Rick Gallot got word that he was going to the Super Bowl this weekend in the fall while meeting with others, and he was elated. Now that the big weekend is here, he can’t wait to represent Grambling State University and to celebrate the four G-Men who became professional football players and entered the NFL Hall of Fame.

Gallot and his wife, GSU first lady Christy Gallot, left for Houston Friday (Feb. 3) afternoon, not long after gathering with Grambling State Athletics Director Paul Bryant, former GSU baseball coach Wilbert Ellis and former GSU assistant football coach Douglas Porter at the Eddie Robinson Museum to pay homage to Willie Brown, Buck Buchanan, Willie Davis and Charlie Joiner, GSU G-Men who went on to play professional football then become distinguished hall of fame members.

The NFL was scheduled to honor HBCU members of the hall with a Saturday (Feb. 4) breakfast and then recognize them as a part of Sunday’s Super Bowl activities before the Atlanta Falcons and the New England Patriots battle for the NFL championship at 5:30 p.m. (Central Time) at NRG Stadium, where the GSU Tigers won the Southwestern Athletic Conference championship in the fall.

Gallot and presidents of other HBCUs with hall of fame members are NFL-invited guests. Gallot said he is honored to have the opportunity to represent his institution and the four hall of fame members.

“We’re incredibly excited to be a part of this celebration,” said Gallot, noting that GSU has more NFL hall members than any other Louisiana university, including Louisiana State University, Louisiana Tech University and Northwestern University. “That’s significant in a lot of ways because of our relative size, and considering the fact that we started from some very humble beginnings to produced a program that has produced four members of the hall of fame.”

Of all historically black colleges and universities, only GSU and Morgan State University have four NFL Hall of Fame members. Gallot said about 10 percent of all hall members are from HBCUs, and that highlights “the importance of HBCUs and how we have played a significant role in producing some of the greatest players to ever put on a helmet and shoulder pads.”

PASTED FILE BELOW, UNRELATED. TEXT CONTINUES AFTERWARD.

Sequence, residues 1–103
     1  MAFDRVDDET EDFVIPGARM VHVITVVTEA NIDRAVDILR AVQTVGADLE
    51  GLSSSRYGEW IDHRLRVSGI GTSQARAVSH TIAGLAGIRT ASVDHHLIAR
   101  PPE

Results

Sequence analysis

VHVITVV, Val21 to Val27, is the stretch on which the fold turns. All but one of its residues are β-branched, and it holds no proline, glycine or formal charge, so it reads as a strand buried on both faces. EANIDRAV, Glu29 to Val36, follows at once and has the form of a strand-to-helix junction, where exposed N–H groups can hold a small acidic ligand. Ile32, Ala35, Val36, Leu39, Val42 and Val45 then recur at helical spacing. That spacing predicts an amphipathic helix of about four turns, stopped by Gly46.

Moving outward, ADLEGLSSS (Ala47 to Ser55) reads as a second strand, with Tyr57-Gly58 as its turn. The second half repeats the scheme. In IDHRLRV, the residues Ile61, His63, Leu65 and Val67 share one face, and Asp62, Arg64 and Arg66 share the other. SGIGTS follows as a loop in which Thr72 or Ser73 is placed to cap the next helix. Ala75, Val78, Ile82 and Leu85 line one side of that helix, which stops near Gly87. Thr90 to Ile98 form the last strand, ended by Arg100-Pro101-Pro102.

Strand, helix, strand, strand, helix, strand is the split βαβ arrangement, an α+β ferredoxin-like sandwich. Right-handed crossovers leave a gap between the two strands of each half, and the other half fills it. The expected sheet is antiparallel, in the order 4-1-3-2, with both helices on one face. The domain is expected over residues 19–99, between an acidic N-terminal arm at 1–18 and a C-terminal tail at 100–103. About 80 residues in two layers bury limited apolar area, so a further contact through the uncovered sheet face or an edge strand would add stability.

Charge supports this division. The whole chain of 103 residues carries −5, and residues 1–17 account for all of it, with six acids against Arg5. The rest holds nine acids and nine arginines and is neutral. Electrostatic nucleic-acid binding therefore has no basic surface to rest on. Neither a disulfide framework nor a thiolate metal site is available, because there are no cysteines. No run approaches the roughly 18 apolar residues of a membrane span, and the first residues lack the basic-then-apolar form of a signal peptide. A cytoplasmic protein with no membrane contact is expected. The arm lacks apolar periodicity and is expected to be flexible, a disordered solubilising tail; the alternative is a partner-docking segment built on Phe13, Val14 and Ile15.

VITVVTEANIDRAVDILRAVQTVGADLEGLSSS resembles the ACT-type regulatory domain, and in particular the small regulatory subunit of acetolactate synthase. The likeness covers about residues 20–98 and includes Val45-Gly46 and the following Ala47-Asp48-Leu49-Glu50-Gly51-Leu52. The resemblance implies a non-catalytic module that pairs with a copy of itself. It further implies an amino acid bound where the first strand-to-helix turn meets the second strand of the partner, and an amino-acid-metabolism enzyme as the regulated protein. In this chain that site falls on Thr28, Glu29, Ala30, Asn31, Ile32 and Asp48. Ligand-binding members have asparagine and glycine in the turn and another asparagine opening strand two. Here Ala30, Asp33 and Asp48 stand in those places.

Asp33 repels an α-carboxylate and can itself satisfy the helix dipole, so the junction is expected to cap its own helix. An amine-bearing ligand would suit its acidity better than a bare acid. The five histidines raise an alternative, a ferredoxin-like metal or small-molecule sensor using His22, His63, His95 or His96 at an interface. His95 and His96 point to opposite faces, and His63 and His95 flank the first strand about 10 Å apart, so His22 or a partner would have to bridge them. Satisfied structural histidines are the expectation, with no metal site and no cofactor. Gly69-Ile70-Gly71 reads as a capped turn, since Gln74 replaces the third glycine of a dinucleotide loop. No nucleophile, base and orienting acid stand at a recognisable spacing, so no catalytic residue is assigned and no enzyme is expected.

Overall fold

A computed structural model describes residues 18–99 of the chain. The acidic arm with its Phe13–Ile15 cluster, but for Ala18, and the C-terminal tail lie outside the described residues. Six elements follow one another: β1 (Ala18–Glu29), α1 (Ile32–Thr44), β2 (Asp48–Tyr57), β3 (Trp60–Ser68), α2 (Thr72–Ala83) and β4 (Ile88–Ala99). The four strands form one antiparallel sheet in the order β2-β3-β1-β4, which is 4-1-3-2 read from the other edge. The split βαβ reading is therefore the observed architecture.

Photo Credit: Will Sutton/GSU Media Bureau

The players are some of the most prominent professional football players and some of the most prominent G-Men.

Brown played with the Denver Broncos and the Oakland Raiders, playing in 204 games in a 16-season career from 1963-1978. A Yazoo City, Mississippi, native, he intercepted 54 passes, returned for 472 yards and two touchdowns. In Super Bowl XI he intercepted a pass and ran 75 yards for a touchdown.

Buchanan was the first player drafted during the1963 American Football League draft. The Kansas City Chiefs picked him and he made a name for himself. Longtime head football coach Eddie Robinson once called him “the finest lineman I have seen.”

Davis, drafted by the Cleveland Browns drafted in 1956, joined the team after a U.S. Army stint then was traded to the Green Bay Packers. He was a five-time All-NFL player and played in five Pro Bowls and he played in two Super Bowls with the Packers.

Joiner played for the Houston Oilers and the San Diego Chargers for 18 years, longer than any other NFL wide receiver when he retired. The 5-11, 180-pounder was the leading received of all time with 750 catches when he retired at 39 years old after the 1986 season.

Gallot was not old enough to enjoy the players as much as Ellis and Porter, who knew and watched the hall of fame players, so he left them do most of the talking about their gridiron exploits.

“I had the opportunity to see it from both sides of the ball,” said Porter, one of Coach Rob’s longtime assistants who was head football coach at Mississippi Valley State University. “I coached against Buck, unfortunately, and I had the chance to coach Charlie and I had the chance to recruit Charlie when he was coming out of high school. He was probably one of the most dedicated and most disciplined football players I had a chance to work with.”

Photo Credit: Will Sutton

Porter said the longevity of their NFL careers “shows what Grambling can produce.”

While Ellis appreciates all they did on the field and their football successes, there’s another reason he appreciates each of them. “All four of those received their degrees.,” he said. “All four of those guys were outstanding individuals who represented this university and represented their families…well.”

He recalled when Robinson and GSU basketball coach Fred Hobdy would get together and Coach Rob would tell him how strongly he felt about these guys. “Coach Robinson used to tell coach Hobdy and I about it. He said, ‘Boy, if I could just keep those guys together, hell, I’d coach forever,” said Ellis, quoting Robinson. “’I’d go to heaven, come back and coach again, go back and coach again.’”

Ellis said he is “happy to see the NFL salute and honor these great individuals,” and he is grateful to the NFL for including Gallot as a part of the weekend Super Bowl activities.

Bryant, who joined GSU in January after the NFL issued invitations to HBCU presidents with NFL hall of fame members, joked that he was disappointed that the league didn’t invite the athletic directors. After all, he said, Sunday (Feb. 5) is his birthday.


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